The European Burma Network (EBN) has called on the UN to remain vigilant as human rights violations continue in Burma.
As the elements of the upcoming United Nations Human Rights Council (UNHRC) Resolution on Burma is discussed by the European Union, 14 Burma-focussed NGOs released a statement on Monday highlighting continuing breaches of international law by the Burmese government.
The EBN told the EU to ignore any notion that human rights violations in Burma were a thing of the past and to advise the UNHRC to maintain pressure on the Thein Sein government.
Burma Campaign UK director Mark Farmaner told DVB on Tuesday that “not only has the reform process slowed down, but we are starting to see some small reverses. This in undoubtedly connected to the fact that Thein Sein is no longer facing significant international pressure.
“A weak Human Rights Council Resolution will undermine incentives for making improvements in human rights,” Farmaner added.
The EBN statement outlined unwillingness on the government’s part to “take the necessary steps to end human rights abuses”.
The report alleges that of the 63 recommendations to the United Nations General Assembly made in September 2013 by former Special Rapporteur on Burma Tomás Ojea Quintana, “Not one has been fully acted upon by the government of Burma.”
As a result, “members of the EBN believe that ongoing impunity for serious human rights abuses means that international law mechanisms are the most appropriate framework through which to address these crimes.”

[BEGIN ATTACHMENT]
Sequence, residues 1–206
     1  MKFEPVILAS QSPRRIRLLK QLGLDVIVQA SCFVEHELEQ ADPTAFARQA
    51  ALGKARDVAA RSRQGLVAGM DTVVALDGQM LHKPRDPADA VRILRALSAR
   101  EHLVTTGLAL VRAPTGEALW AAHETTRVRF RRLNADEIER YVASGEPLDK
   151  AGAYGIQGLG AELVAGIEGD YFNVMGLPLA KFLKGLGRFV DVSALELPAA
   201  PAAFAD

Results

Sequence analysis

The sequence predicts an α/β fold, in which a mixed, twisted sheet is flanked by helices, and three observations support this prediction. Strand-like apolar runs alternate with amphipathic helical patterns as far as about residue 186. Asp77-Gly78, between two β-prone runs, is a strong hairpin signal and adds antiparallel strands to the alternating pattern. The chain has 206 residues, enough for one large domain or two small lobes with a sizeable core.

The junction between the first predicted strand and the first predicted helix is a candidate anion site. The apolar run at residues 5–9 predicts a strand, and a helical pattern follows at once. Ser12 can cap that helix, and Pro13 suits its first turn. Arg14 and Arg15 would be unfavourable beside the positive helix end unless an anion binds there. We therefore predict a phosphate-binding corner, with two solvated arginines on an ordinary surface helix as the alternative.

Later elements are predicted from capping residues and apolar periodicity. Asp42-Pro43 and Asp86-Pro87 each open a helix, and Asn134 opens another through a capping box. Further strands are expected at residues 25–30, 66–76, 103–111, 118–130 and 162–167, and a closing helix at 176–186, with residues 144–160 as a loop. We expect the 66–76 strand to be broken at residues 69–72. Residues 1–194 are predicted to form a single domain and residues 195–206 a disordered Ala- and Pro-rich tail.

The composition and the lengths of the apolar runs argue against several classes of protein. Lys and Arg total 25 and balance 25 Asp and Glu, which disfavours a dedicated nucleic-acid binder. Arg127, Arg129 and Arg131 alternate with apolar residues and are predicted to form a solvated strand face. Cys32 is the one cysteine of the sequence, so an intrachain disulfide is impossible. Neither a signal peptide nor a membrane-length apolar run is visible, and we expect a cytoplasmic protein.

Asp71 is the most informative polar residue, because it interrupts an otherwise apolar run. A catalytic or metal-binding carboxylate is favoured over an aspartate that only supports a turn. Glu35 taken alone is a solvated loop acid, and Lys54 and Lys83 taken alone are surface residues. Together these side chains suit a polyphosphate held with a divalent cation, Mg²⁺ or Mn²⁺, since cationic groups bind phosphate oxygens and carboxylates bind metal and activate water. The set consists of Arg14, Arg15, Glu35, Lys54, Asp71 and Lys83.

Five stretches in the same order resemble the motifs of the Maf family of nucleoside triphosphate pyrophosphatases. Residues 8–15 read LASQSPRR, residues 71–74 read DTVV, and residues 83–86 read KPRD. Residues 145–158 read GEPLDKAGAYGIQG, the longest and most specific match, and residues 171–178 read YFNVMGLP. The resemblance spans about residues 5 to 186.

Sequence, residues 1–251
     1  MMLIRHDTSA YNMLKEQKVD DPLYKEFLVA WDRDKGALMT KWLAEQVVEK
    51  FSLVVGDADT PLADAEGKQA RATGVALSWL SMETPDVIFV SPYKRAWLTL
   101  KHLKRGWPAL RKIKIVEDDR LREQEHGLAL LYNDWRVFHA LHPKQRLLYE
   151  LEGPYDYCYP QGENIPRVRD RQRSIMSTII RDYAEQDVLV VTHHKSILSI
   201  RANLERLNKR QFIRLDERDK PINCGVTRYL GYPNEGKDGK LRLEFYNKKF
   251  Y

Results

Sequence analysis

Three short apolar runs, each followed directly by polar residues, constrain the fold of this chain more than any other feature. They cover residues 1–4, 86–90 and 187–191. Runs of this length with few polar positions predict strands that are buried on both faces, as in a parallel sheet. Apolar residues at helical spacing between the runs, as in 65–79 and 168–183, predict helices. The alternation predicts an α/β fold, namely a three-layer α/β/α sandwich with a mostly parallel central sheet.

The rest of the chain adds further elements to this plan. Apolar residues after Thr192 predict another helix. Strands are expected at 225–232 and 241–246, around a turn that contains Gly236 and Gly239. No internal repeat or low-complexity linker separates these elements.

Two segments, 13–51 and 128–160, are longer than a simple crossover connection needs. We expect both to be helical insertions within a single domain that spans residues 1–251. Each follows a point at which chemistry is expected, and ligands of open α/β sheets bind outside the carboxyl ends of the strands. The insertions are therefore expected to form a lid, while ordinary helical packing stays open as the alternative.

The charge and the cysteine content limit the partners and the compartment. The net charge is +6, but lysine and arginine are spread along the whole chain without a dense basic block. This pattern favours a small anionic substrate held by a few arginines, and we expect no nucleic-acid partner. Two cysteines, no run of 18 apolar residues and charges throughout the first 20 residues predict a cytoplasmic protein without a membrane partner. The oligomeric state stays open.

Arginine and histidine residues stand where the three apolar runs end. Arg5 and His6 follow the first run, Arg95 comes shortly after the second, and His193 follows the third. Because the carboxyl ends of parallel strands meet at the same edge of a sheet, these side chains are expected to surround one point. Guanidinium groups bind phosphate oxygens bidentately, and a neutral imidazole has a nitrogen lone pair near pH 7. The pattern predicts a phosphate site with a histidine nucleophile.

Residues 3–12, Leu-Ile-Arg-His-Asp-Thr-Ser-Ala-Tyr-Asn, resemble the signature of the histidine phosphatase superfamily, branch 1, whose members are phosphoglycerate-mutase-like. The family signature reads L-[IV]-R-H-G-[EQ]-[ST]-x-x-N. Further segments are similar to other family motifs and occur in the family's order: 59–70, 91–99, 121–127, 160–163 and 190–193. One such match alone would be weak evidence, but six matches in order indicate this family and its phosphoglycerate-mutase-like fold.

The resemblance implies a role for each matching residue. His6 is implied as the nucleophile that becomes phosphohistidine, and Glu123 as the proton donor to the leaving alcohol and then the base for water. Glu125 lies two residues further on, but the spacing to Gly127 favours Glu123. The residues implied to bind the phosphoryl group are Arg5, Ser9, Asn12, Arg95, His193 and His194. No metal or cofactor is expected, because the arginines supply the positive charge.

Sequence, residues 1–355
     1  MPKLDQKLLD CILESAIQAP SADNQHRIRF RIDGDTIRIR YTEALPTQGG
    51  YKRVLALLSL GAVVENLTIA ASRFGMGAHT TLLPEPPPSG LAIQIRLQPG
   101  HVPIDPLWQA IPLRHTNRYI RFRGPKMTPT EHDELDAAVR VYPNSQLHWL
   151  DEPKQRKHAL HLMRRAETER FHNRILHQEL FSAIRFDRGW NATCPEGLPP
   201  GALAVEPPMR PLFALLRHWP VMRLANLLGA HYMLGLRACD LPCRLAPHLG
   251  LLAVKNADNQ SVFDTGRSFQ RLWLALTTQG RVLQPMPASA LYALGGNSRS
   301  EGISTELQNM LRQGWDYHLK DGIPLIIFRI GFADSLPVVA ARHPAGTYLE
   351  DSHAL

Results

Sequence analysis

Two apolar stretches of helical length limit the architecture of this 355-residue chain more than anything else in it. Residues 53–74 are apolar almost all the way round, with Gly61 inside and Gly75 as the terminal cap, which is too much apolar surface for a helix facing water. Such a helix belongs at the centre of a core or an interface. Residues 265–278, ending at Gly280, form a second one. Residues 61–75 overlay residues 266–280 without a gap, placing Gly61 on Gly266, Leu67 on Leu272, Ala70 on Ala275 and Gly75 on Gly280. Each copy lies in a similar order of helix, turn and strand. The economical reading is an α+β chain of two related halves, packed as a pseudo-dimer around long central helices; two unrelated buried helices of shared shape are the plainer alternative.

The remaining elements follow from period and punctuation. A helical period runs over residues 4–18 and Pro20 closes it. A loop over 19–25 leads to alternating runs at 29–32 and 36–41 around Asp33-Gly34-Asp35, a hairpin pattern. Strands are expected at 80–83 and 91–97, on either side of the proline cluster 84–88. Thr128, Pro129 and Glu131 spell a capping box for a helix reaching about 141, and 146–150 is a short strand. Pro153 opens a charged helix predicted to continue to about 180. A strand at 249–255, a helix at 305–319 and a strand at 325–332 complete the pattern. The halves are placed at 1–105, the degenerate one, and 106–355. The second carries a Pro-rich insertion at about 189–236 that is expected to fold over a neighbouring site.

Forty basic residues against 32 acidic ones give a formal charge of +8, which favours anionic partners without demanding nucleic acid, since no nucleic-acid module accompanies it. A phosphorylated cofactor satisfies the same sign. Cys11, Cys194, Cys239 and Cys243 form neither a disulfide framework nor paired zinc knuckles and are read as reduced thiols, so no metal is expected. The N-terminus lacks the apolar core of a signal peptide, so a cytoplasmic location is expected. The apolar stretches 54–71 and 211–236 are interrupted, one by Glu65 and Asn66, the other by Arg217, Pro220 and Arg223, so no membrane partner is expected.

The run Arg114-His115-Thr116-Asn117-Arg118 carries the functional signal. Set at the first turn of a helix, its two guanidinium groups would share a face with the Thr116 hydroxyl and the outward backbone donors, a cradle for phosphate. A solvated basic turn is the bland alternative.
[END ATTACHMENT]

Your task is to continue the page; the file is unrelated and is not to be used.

According to Farmaner, “There is already enough documentation by the United Nations to justify Burma being referred to the International Criminal Court.”
In its last resolution, the UNCHR outlined instances of human rights abuses which meet the criteria for international crimes, including arbitrary detention, forced displacement, the use of child soldiers, rape and other forms of sexual violence, military attacks on civilians, and torture.
The EBN sees Thein Sein’s failure to release all political prisoners, despite his claims to the contrary, as providing a strong example of his “unwillingness” to comply with UNHRC edicts and a breach of international law.
The first recommendation listed in Quintana’s report of September 2013 states that “all prisoners of conscience should be released immediately and unconditionally.”
Despite this, Thein Sein’s government currently enjoys a positive relationship with one-time detractors in the international community. Last year, the EU itself lifted the last of its trade sanctions on Burma, leaving only an arms trade embargo in place.
However BCUK’s Farmaner believes that the EU’s firmest foreign policy weapon was sheathed prematurely:
“The EU lifted sanctions without any of its own human rights benchmarks being met, and shortly after state involvement of ethnic cleansing against the Rohingya and multiple cases of the Burmese army raping Kachin women.
“The way the international community treats Thein Sein is the equivalent if the police in one country said, ‘this man might have committed murder several times but we’ll let him get away with it because he is more friendly than his predecessor and does some good work in his local community’,” Farmaner added.